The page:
Mangrove, Mexique – Yann Arthus-Bertrand Photography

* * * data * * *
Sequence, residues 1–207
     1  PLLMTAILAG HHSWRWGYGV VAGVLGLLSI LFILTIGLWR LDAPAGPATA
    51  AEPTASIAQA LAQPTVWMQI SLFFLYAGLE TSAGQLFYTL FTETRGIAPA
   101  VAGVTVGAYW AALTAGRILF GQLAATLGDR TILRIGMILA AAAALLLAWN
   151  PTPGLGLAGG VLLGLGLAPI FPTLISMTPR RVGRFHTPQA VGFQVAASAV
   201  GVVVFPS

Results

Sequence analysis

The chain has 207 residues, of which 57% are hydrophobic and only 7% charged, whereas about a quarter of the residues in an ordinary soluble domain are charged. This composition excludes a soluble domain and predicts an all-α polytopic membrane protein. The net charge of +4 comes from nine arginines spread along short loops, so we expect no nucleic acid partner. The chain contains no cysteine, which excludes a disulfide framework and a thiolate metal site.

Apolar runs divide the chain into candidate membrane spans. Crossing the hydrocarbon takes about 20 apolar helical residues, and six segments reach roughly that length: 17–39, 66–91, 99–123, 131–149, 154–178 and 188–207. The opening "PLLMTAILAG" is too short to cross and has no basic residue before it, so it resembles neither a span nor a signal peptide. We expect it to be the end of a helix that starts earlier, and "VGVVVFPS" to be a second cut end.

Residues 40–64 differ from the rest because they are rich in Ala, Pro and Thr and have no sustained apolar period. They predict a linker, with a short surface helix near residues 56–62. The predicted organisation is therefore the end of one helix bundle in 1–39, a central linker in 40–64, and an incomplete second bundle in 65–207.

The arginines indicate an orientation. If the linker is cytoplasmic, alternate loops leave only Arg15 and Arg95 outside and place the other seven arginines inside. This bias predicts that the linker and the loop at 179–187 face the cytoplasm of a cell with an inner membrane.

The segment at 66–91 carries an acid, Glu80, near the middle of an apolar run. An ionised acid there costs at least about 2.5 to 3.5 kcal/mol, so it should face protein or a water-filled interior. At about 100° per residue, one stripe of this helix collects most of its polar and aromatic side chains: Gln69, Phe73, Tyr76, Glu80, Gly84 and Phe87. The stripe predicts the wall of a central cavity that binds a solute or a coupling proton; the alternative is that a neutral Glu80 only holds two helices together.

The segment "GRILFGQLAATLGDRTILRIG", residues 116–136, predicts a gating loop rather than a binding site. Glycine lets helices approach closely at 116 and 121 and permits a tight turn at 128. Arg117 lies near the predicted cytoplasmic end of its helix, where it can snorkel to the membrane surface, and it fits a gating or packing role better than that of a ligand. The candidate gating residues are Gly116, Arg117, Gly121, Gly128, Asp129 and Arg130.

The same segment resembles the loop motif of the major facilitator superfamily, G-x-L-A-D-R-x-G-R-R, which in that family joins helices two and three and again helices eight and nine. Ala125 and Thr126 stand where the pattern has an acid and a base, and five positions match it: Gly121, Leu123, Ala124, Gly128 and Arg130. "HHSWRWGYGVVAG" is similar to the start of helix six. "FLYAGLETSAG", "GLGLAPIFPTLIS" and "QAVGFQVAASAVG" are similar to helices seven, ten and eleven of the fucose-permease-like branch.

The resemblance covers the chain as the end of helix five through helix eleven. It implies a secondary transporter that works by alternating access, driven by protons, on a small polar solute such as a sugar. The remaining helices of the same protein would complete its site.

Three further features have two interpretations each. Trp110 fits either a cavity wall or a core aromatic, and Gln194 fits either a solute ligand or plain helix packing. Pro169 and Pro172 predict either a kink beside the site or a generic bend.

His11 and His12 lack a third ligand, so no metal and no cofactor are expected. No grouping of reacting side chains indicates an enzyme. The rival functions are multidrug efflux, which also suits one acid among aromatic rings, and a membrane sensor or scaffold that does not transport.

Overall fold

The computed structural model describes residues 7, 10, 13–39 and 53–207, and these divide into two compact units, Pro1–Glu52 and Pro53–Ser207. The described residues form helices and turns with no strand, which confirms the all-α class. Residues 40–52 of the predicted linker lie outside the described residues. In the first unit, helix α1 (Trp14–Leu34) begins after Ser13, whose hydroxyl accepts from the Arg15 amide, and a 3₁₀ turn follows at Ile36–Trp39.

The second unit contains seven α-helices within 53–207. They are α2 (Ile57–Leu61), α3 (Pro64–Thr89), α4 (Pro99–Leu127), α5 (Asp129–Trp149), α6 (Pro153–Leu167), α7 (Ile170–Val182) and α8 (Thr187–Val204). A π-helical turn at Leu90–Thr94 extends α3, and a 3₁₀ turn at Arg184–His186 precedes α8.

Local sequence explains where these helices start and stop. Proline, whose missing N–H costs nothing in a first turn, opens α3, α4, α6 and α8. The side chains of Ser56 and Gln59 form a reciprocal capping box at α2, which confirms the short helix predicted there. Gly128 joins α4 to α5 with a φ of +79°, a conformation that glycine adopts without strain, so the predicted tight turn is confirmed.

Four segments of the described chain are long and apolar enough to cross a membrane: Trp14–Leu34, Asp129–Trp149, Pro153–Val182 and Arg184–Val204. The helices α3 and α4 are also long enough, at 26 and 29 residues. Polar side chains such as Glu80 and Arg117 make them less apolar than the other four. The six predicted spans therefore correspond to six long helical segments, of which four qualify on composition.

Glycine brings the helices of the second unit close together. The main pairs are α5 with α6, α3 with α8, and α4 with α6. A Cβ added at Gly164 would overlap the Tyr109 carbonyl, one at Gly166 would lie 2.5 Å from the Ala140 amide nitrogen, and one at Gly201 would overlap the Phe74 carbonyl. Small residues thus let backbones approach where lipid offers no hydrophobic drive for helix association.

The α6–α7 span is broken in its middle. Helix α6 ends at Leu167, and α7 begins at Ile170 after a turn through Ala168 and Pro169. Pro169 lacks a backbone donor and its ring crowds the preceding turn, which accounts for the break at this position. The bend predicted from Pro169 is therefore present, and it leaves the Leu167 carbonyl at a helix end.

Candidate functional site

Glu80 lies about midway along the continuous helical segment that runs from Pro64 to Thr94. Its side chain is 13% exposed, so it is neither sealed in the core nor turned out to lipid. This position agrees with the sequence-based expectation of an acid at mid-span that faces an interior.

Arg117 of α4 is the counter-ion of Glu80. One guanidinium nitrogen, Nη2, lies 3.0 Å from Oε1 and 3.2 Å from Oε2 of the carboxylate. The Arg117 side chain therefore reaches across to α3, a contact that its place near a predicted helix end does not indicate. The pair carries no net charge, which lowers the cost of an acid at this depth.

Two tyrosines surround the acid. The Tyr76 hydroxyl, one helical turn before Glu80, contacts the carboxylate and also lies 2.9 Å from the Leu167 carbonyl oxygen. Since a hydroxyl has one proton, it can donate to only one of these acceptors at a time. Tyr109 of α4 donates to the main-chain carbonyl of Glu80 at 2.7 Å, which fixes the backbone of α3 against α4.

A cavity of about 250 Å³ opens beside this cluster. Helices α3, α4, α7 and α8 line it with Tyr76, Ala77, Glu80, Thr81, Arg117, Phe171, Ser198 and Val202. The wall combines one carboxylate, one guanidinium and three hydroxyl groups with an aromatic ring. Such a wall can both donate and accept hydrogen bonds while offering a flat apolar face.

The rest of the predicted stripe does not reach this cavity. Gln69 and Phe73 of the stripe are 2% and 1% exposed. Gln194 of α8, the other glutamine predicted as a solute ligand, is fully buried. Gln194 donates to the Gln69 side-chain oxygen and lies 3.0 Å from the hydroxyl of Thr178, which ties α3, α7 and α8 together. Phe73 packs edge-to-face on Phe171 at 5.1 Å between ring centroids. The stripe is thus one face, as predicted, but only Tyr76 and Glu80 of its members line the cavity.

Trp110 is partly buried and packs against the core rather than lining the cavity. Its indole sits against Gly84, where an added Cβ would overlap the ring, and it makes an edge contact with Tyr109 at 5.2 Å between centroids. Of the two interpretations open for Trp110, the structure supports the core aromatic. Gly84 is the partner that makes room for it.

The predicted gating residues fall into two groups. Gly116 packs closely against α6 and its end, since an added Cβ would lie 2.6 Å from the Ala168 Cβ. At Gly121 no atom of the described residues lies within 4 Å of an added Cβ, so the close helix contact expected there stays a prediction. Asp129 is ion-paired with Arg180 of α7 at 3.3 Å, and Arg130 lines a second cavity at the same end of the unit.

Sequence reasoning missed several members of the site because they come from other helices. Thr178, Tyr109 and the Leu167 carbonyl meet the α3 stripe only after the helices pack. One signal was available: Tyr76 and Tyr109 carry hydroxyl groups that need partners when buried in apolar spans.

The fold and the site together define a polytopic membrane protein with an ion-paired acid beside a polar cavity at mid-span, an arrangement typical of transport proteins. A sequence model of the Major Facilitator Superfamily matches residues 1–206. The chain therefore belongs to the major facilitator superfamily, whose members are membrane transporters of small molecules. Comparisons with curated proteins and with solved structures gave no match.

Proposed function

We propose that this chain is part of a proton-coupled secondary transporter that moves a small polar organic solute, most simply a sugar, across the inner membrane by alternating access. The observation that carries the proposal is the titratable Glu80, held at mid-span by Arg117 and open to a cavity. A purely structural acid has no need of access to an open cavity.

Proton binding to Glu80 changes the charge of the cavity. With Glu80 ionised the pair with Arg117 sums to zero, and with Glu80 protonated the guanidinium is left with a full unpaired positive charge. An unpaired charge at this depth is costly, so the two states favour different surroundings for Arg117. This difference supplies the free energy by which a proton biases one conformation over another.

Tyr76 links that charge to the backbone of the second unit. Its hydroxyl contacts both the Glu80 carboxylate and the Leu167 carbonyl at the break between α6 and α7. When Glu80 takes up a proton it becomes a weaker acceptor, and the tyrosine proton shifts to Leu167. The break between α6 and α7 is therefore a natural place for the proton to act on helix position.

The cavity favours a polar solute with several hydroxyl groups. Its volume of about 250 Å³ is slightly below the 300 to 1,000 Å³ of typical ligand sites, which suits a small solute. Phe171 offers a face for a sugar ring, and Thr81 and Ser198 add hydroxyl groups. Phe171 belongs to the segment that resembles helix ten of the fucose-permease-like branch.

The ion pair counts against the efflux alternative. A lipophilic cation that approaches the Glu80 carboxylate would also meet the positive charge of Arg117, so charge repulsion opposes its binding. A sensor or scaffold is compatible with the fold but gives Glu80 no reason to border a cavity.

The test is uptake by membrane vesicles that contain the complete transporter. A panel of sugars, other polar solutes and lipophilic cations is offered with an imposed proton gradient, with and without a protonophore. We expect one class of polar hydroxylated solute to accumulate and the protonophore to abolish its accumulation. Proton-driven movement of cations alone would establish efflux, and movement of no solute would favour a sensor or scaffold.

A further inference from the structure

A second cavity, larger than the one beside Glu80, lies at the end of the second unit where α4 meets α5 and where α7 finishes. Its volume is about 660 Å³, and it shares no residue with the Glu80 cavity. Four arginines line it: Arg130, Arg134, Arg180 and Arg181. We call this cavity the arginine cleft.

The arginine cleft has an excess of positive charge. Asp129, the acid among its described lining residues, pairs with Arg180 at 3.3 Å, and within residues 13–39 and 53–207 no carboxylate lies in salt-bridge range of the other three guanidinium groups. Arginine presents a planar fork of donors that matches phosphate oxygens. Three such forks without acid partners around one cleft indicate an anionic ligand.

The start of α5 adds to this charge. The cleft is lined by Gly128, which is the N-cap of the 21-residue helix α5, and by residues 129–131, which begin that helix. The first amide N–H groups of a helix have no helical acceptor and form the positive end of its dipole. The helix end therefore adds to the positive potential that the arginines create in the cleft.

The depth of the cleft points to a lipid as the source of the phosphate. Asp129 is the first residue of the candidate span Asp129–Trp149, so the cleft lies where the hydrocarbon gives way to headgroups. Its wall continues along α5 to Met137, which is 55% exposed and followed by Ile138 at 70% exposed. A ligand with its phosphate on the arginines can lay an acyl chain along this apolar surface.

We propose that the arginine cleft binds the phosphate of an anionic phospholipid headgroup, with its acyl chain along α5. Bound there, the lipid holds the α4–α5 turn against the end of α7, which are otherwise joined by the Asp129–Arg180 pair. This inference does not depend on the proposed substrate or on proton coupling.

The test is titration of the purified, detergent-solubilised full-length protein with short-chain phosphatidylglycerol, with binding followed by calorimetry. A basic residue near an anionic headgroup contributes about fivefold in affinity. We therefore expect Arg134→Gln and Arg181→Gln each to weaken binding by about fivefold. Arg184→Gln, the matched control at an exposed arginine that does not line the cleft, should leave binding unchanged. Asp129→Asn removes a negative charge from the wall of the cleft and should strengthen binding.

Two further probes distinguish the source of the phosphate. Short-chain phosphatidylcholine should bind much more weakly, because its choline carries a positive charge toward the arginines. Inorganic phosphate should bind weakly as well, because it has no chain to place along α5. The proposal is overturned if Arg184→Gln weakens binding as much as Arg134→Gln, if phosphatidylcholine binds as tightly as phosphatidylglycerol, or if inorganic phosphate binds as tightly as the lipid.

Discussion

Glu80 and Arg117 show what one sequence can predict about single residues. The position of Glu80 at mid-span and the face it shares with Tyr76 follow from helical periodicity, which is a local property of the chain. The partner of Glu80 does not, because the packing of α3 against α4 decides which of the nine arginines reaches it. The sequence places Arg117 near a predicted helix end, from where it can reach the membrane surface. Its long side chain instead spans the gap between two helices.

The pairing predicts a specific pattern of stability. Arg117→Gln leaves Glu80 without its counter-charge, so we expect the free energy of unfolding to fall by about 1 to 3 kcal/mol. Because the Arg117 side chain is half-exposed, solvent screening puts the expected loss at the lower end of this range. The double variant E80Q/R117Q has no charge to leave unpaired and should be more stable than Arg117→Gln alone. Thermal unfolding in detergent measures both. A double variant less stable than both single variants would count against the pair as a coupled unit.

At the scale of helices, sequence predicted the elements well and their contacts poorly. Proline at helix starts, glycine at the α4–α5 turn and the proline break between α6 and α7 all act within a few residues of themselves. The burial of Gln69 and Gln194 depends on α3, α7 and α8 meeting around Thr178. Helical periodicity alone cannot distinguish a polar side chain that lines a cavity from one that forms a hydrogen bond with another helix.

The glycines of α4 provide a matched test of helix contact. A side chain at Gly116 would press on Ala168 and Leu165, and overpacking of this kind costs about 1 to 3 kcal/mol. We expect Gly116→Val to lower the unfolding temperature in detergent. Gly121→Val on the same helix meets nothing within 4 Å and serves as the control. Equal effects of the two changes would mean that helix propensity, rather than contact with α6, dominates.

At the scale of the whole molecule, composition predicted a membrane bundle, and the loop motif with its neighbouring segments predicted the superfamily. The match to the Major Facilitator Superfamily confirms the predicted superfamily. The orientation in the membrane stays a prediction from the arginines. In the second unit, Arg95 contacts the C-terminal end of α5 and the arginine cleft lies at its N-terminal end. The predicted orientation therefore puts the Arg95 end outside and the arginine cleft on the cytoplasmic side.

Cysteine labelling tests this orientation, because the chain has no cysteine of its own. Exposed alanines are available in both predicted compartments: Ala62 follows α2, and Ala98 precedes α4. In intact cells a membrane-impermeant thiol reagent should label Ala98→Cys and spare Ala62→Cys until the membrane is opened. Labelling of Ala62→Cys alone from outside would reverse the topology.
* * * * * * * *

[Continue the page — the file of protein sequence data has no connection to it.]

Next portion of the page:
Mexico contains a great diversity of climate and landscape, including deserts, mountains, hardwood forests and, as here, lagoons alongside mangroves—a subtropical rainforest typical of alluvial coasts. Although Mexico boasts more than 900 species of cactus, 1.000 orchids and almost 450 of mammals, it is the country’s variety of birds that is most striking: no fewer than 1.000 species, including the famous quetzal, also known as the “bird of the Aztecs.” Mangrove swamps are a favorite haunt of migrating birds. Here they find plentiful food: insects, mollusks, shellfish, shrimp and small fish, which come to breed at the feet of the mangroves, a tree peculiar to this mixed ecosystem that is partly sea and partly land. Mangroves are essential to marine life. They also protect the shoreline, holding in place the sediments deposited by rivers and curbing the ocean’s erosion by acting as a breakwater.